Salvador Dali (Spanish, 1904–1989) was a prominent Surrealist artist. Dali spent his childhood in the Spanish villages of Figueres and Cadaques. He was influenced by Renaissance masters such as Raphael (Italian, 1483–1520). Dali showed artistic talent at an early age, so his parents arranged for him to receive drawing lessons from Impressionist painter, Ramón Pichot (Spanish, 1872–1925). Dali was a student at Madrid’s Royal Academy of Art, but he never finished school.
In 1925, the artist held his first solo exhibition in Barcelona. Dali would gain some international recognition in 1928 when the Carnegie International Exhibition showed three of his works, one of which was Basket of Bread. He met Pablo Picasso (Spanish, 1881–1973) in Paris that year. In 1929, he became acquainted with André Breton (French, 1896–1966), a key figure of the budding Surrealist movement. The Surrealists followed Sigmund Freud’s theories concerning unconsciousness and the dream state, and used these theories to incorporate imaginative ideas into their works. Dali’s The Persistence Of Memory is often cited as one of the most important pieces of this style.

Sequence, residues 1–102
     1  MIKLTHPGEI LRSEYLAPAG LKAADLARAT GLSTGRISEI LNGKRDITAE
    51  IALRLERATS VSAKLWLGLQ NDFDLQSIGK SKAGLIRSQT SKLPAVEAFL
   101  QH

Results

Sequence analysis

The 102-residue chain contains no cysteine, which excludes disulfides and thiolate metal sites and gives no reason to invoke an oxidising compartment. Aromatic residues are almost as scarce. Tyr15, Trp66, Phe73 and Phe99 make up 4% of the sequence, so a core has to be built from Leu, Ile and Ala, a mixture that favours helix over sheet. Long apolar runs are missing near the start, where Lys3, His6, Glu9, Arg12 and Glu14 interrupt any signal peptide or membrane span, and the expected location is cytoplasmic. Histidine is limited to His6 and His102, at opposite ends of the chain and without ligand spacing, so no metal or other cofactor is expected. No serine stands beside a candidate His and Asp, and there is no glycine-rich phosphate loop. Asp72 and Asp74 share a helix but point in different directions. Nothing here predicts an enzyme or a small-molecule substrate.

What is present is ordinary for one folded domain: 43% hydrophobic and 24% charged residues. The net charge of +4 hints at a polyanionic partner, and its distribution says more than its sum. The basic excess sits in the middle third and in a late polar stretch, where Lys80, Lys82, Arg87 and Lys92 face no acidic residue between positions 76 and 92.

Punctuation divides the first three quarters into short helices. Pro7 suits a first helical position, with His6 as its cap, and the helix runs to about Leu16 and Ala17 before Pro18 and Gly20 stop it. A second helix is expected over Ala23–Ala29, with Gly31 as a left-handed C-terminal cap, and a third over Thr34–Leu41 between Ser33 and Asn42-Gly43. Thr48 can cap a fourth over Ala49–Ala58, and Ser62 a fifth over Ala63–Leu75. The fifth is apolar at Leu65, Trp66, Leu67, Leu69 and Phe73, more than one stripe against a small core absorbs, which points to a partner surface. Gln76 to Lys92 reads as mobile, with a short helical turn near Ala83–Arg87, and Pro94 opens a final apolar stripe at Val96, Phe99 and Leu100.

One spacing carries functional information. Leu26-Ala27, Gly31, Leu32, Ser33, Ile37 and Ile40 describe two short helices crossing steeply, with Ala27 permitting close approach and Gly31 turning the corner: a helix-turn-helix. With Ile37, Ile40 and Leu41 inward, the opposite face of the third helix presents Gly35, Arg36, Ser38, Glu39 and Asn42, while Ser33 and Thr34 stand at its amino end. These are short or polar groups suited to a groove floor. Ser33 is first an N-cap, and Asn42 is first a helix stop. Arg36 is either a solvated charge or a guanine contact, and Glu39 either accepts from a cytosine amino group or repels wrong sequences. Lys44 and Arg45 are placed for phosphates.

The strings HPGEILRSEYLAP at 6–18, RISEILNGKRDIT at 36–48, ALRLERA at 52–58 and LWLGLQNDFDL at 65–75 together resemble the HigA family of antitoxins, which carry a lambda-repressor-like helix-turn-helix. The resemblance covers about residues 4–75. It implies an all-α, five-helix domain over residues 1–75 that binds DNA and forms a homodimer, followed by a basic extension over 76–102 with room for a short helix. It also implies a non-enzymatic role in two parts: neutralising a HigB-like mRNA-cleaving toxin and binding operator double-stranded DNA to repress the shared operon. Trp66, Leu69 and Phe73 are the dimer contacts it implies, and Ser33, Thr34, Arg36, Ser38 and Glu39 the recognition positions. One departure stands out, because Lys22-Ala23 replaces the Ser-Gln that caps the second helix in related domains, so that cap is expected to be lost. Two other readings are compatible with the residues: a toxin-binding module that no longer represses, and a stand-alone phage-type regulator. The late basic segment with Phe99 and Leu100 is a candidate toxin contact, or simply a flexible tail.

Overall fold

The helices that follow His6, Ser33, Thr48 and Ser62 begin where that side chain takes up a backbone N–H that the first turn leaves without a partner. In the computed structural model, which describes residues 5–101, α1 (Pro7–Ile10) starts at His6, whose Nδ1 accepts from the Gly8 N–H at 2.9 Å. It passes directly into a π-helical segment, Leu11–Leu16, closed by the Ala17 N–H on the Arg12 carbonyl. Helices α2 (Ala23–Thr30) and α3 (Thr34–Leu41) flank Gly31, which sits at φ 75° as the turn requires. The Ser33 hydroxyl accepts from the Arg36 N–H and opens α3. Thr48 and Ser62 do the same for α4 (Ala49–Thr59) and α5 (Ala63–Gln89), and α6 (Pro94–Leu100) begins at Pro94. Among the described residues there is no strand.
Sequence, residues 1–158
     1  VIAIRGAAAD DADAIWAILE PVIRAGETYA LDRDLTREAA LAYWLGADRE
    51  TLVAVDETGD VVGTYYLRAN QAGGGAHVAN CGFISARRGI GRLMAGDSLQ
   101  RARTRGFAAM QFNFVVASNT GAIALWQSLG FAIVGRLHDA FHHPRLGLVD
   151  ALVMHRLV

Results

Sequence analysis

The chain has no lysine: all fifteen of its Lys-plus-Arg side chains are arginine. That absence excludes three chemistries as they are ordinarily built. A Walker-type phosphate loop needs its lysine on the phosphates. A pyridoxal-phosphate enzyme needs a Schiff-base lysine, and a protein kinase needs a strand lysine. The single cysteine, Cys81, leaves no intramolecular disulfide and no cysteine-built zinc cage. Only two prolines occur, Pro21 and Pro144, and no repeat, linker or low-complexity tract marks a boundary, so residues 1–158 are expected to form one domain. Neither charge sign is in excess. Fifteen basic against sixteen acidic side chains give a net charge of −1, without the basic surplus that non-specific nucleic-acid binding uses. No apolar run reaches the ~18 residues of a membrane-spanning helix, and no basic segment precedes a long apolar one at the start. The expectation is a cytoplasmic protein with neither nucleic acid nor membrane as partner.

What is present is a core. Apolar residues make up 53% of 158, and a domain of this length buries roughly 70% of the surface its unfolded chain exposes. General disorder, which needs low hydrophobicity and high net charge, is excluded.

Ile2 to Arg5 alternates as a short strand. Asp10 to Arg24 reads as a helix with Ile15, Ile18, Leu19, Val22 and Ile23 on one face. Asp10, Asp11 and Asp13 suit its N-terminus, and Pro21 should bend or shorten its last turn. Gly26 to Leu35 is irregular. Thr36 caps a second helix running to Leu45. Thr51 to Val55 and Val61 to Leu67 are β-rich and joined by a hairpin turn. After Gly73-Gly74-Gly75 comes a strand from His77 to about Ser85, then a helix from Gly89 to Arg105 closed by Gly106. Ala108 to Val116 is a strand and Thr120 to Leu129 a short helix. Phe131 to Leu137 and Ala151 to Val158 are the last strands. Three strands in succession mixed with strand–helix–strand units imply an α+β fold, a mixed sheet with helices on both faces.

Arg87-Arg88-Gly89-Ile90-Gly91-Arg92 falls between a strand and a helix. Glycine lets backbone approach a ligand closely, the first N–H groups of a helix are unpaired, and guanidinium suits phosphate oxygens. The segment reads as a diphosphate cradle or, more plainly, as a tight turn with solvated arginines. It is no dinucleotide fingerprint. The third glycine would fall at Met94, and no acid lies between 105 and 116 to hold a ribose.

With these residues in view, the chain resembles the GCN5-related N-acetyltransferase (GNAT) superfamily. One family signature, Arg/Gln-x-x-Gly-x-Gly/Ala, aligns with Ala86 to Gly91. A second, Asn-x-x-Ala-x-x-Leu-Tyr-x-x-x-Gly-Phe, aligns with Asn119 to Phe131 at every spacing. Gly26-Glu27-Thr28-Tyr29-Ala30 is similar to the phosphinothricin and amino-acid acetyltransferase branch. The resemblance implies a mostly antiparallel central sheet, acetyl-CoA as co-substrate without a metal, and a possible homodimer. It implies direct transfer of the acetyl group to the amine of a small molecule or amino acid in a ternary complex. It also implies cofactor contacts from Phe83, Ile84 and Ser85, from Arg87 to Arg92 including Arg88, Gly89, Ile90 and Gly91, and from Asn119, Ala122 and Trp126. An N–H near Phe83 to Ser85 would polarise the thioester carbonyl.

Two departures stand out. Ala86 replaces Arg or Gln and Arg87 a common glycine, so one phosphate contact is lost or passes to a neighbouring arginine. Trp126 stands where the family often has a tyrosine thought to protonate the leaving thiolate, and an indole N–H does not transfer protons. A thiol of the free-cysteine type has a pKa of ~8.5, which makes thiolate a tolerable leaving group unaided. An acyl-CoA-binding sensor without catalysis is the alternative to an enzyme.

World War II forced Dali and his wife to flee Europe. The couple spent most of the 1940s in the United States. New York’s Museum of Modern Art held a retrospective exhibition of Dali’s work in 1941. He wrote his autobiography, The Secret Life of Salvador Dali, the following year. Dali deviated from Surrealism in the 1950s and began painting a more classical series of 19 paintings. These works incorporated topics such as history, religion, and science. Washington D.C.’s National Gallery holds The Sacrament of the Last Supper, while The Salvador Dali Museum is the home of The Discovery of America by Christopher Columbus. Dali not only painted, but also collaborated with other artists in sculpture, photography, and film. Walt Disney collaborated with him on the film Destino. Dali spent the last years of his life in Torre Galatea, Spain. The artist died on January 23, 1989.